|Both sides of the debate have statistics to support their position.|
Some school districts have created the position of “Student Resource Officer (SRO)” and have partnered with local police departments to fill those positions. The SRO is a law-enforcement officer employed by the municipality’s police department. The SRO’s job description involves student character education. The SRO may almost be an extension of the school guidance department as he or she forms constructive relationships with students. The SRO potentially identifies at-risk situations among students and follows up with the school or even a student’s family. An SRO may also act as a deterrent of drug use/dealing, cyber-bullying, and even technology threats. Of course, as a member of the local police department, an SRO carries a side-arm, which both may discourage a school shooting or stop an active shooter.
Both the option of a third-party armed guard and an SRO is an expense. For example, the annual cost of each SRO to a school district including salary, benefits, and mandatory pension contribution may be $125,000 or more. It would be up to the constituents in a district to approve a school budget which includes such positions.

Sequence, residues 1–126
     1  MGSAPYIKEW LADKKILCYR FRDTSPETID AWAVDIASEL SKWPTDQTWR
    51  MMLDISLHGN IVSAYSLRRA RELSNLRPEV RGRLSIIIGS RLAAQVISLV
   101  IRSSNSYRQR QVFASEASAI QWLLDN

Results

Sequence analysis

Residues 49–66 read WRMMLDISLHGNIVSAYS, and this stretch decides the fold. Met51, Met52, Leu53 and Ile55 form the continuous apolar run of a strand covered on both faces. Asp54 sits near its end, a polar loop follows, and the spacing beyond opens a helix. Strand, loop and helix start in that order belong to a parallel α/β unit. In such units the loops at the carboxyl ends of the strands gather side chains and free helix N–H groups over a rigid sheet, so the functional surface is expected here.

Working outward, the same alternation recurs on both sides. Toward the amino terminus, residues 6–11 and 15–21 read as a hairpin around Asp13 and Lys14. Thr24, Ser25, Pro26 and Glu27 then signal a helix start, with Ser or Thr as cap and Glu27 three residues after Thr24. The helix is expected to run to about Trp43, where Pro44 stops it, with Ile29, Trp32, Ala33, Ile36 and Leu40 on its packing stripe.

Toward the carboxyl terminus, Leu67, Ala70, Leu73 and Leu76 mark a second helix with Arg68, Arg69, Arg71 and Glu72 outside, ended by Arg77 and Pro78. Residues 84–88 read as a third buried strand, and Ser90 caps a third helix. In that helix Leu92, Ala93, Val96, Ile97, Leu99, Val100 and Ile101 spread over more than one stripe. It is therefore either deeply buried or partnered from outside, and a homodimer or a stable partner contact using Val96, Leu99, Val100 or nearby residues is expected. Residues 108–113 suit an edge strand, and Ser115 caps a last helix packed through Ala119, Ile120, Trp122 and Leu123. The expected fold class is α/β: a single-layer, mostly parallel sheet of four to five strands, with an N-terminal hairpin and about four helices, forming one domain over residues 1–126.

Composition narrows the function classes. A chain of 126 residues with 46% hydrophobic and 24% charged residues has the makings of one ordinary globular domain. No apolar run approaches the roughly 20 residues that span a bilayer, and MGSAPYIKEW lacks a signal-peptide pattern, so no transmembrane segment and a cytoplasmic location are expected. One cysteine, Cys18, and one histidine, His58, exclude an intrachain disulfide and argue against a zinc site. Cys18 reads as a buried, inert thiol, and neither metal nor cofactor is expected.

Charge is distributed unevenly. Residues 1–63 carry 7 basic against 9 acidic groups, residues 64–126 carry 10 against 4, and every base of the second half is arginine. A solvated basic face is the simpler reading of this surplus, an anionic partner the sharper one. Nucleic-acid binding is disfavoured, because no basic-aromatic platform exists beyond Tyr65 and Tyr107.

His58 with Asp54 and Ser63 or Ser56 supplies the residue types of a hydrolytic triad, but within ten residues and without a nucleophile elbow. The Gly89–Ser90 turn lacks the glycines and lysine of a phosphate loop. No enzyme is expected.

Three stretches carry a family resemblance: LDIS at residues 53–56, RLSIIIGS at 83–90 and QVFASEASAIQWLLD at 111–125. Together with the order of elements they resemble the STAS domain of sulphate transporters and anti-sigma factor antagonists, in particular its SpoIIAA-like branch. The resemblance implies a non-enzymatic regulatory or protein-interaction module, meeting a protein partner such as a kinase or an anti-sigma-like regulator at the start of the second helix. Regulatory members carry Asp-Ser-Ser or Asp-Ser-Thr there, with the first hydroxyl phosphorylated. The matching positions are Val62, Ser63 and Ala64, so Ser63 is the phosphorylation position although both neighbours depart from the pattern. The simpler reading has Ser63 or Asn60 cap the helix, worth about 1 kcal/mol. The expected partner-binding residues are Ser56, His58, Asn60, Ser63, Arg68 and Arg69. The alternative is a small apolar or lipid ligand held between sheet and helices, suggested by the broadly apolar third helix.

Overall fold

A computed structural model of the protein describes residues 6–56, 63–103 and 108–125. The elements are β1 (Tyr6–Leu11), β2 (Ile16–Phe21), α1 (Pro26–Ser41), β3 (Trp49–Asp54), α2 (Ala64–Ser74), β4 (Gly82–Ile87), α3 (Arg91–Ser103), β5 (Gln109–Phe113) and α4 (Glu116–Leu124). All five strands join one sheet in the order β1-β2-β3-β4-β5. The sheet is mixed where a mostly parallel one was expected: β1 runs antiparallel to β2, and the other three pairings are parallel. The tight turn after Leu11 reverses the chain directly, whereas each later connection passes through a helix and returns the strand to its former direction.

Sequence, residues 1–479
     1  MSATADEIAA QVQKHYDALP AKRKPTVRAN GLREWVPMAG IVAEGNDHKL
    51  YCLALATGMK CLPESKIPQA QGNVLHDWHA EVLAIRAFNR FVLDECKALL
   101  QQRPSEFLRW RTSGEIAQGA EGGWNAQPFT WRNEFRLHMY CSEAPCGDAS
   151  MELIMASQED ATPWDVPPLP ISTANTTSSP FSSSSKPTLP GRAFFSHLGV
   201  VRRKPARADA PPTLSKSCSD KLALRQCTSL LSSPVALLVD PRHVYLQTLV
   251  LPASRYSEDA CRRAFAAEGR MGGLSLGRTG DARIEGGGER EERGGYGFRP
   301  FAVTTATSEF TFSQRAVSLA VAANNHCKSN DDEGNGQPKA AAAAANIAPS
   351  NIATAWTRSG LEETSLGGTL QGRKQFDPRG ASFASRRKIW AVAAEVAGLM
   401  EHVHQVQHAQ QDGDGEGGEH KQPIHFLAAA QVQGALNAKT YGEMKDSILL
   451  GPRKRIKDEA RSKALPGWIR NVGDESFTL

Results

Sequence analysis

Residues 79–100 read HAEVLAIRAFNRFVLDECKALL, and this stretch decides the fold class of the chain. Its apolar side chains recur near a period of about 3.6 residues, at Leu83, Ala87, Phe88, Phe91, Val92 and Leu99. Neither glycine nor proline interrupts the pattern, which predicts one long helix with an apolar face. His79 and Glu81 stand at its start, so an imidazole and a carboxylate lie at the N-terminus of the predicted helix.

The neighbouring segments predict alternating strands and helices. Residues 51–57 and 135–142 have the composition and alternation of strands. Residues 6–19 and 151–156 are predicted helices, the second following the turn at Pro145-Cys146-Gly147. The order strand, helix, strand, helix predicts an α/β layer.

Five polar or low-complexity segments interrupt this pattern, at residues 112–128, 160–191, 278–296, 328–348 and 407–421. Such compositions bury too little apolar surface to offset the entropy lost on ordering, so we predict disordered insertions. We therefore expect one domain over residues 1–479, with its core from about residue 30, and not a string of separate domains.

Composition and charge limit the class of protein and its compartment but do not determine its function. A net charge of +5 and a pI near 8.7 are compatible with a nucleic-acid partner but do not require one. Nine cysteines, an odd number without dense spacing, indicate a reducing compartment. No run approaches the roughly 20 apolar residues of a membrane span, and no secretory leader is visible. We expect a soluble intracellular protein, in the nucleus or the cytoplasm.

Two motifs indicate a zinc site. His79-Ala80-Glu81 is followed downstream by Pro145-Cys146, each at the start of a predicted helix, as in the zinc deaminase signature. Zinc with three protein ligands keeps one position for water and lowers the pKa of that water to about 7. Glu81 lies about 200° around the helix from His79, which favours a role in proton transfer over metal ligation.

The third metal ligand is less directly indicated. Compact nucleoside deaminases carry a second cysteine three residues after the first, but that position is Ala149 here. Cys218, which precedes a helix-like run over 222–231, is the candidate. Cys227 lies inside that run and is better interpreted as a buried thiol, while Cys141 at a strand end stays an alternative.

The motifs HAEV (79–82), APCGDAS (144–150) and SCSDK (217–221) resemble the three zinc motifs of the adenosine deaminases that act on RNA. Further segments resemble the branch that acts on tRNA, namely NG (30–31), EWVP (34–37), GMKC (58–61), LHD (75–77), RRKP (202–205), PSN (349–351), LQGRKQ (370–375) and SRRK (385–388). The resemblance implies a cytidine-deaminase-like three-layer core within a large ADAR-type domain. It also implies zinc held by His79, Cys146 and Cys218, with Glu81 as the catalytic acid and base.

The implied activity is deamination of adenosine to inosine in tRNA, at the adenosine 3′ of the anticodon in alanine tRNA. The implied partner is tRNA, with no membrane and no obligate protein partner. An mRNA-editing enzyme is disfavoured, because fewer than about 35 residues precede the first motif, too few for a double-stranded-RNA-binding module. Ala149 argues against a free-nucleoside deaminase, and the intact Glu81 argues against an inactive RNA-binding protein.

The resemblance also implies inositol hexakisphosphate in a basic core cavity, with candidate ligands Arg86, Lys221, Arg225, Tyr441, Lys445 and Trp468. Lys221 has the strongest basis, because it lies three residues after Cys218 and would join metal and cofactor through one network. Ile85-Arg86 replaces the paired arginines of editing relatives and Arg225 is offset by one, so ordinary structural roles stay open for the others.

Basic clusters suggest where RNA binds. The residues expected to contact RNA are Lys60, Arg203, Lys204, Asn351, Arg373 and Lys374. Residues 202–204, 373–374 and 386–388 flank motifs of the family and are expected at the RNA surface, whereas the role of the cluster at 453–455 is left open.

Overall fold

Reasonable people, and many unreasonable people as well, continue to debate meaning of Second Amendment of the United States Constitution, which reads, “A well regulated Militia, being necessary to the security of a free state, the right of the people to keep and bear Arms, shall not be infringed.”
Another and, likely, less costly option is for a school district to develop a partnership with local law enforcement agencies. Such a partnership may require the leadership of a school district including a superintendent and board members to identify opportunities to develop that relationship. Perhaps, a superintendent of schools invites a police chief to attend and participate in or hold a non-voting position at school board meetings. A superintendent of schools may join and participate in a local chamber of commerce or attend Police Benevolent Association meetings to foster those professional relationships.